COVID-19: Port chaos looms as France demands stricter testing over ‘English variant’ fears

France is introducing strict new controls from Monday for anyone entering the country from outside the EU, including hauliers travelling from the UK.

Prime Minister Jean Castex has said a PCR test with a negative result must be produced before entering France.

The insistence on the PCR test, rather than the much quicker, but potentially less accurate Lateral Flow tests which are being provided for hauliers by the British government, could see more delays and queues at Channel ports.

In northern France, there is a real sense of anxiety. The town of Roubaix is in the midst of an intensive programme, which aims to test as much of the local population as possible, over the course of a week.

One test is a familiar check on whether a person is positive or not. But the second is a little more in-depth; the results taking hours rather than minutes.

It is to establish the presence of the new variant of coronavirus, which emerged in the UK and is now seeping into mainland Europe.

In France, as in many European countries, it is known as either the British or English variant.

And it is spreading – clusters have popped up across France, but have also started emerging in other countries.

Spain, for instance, has now seen people testing positive for the variant, even though they have had no link to the UK.

In Roubaix, the tests are being carried out in converted halls around the town.

As we watch people come in and out, you can see the signs of how life used to be – the stage is now hidden behind medical screens. The bar now supplies coffee to the staff. Above us, the theatrical lights that have long since been turned off.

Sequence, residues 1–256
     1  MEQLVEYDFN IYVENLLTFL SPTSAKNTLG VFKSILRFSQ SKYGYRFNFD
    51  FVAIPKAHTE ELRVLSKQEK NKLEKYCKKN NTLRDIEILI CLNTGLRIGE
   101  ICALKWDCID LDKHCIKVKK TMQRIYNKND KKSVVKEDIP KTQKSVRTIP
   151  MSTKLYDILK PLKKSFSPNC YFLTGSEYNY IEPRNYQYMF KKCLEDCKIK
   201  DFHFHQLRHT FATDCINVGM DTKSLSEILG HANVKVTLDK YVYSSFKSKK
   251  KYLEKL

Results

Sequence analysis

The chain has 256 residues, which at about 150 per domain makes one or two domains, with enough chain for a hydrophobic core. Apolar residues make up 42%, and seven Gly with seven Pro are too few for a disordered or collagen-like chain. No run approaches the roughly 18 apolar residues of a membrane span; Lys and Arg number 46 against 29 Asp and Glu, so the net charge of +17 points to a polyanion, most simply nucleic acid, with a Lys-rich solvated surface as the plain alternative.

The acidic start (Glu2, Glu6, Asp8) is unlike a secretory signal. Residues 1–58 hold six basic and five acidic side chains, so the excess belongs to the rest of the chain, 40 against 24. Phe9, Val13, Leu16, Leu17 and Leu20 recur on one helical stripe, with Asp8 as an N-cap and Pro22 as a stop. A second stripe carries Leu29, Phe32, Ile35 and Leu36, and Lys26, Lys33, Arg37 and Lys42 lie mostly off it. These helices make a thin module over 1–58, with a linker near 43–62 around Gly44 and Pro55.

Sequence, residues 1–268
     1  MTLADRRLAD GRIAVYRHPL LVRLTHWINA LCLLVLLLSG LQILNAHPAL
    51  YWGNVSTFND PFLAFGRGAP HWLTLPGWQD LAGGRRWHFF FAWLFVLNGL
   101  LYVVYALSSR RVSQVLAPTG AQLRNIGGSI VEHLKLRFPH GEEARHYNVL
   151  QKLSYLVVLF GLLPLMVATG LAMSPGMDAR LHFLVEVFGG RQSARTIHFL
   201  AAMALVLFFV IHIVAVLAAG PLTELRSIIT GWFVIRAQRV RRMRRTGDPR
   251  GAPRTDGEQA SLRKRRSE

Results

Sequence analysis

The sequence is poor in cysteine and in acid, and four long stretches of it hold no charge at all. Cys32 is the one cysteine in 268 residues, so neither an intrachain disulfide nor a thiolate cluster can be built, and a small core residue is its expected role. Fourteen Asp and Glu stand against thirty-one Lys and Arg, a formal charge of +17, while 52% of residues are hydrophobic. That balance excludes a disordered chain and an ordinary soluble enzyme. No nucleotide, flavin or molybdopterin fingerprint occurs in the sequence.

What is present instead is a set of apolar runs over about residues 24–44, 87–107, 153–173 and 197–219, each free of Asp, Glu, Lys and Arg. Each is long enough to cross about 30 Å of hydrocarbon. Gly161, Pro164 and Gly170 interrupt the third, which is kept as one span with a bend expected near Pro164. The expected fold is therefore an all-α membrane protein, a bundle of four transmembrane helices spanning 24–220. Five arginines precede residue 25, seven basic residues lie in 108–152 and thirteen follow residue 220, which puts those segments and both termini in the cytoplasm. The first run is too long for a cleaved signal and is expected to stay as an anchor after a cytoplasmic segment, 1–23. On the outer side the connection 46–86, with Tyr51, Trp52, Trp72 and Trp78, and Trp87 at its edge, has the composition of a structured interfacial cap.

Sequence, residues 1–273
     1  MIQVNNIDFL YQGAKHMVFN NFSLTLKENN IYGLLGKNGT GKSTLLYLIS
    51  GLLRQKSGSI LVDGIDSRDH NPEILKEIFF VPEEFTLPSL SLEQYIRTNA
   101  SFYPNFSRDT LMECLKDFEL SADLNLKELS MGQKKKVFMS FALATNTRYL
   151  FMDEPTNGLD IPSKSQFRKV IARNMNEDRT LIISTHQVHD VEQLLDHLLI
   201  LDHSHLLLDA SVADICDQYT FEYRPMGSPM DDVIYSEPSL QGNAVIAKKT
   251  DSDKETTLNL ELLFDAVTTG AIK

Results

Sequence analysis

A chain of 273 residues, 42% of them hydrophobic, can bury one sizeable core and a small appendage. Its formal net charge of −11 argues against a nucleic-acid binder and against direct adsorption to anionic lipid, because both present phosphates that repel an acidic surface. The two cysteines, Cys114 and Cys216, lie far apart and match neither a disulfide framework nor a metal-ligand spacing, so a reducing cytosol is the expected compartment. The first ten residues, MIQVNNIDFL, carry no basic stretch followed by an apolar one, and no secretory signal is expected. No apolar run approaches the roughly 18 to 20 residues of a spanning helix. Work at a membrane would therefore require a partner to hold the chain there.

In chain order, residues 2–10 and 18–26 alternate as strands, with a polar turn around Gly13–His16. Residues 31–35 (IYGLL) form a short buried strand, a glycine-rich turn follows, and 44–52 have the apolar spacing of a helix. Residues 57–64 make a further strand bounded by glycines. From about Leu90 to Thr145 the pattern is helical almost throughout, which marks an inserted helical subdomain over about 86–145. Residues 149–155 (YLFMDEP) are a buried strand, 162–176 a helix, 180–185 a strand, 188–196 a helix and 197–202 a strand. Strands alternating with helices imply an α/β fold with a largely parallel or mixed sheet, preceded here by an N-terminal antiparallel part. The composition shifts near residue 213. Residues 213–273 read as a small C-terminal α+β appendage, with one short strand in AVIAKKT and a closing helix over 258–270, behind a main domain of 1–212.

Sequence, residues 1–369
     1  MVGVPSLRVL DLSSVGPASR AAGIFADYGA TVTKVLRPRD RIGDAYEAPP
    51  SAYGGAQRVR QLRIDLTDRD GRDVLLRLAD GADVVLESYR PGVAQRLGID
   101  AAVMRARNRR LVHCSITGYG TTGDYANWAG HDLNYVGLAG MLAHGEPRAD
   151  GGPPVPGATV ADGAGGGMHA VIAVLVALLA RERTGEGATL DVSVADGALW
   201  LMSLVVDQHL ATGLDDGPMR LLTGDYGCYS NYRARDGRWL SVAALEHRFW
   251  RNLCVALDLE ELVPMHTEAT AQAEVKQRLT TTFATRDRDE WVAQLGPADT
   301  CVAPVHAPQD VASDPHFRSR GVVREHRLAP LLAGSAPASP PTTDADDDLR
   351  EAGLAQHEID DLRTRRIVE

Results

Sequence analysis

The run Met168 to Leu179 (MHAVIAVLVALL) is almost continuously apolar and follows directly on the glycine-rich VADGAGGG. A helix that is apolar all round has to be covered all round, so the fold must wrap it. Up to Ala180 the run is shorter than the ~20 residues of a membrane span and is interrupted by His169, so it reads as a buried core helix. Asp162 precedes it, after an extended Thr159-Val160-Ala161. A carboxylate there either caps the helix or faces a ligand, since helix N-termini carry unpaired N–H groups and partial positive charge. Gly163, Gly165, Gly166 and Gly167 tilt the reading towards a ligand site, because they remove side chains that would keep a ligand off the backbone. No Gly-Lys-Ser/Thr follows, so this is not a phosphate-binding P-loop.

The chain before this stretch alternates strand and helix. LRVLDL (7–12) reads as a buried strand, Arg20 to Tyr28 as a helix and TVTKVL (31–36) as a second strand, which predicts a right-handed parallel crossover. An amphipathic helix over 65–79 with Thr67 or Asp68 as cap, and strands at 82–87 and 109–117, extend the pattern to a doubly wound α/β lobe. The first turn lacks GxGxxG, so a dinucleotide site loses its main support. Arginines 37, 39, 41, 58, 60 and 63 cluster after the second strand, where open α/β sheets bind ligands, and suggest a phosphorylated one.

Roubaix was hit badly by the pandemic a few months ago and the fear of a resurgence is clear.

Jean-Philippe Dancoine is a doctor in the town, and also the deputy mayor. He told me that Roubaix was tired and “very worried about the future”.

“The more we look, the more we will find of this variant,” he said.

“I don’t think people are fully aware yet of the danger of the English variant. It’s more contagious, so it will require people to be more careful and be more strict about rules and wearing masks.”

And from him there is, not anger, but disappointment about what he sees as Britain’s lax efforts to contain the virus in recent weeks.

“We can see that the wearing of a mask, and the control measures, have been less strict in Great Britain than in Spain, France or Italy,” he said.

“The behaviour of British citizens has not always been exemplary, perhaps because of their leaders. Here, we are forced to wear a mask – to take measures.”

This is not an isolated comment. There is a sense, among many people I’ve spoken to, that the UK has simply not been as tough as it should have been and that policy has been made too erratically.

In Belgium, for instance, you have to wear masks in many outdoor places but, regardless of the rules, most people wear them everywhere. In contrast to Britain, there was never any plan to change the rules over Christmas.

Marc van Ranst is Belgium’s best-known virologist and a long-standing adviser to the national government.

When I ask him about the growth of what he calls “the British variant”, he is clear in his mind: “I think that part of the explanation for the exponential rise of the virus in the UK is the not-so-clear policies, and relatively relaxed policies, that were leading up to Christmas. They surely did not help. And it explains part of the epidemic.”

Mr Van Ranst said the new variant carried the threat of turning an “epidemic that was getting under control and putting it out of control again”.

For Belgium, a centre of politics and diplomacy, there is a particular issue, with officials regularly travelling to and from both the city, and Belgium.

His suggestion? Tougher restrictions at the borders, greater discouragements to travel, more track and testing and perhaps cuts to Eurostar services between Brussels and London.

“People being able to travel freely is a vulnerability,” he told me, “and it’s probably something that we need to rethink if we’re really going to be serious about trying to halt the British variant.”

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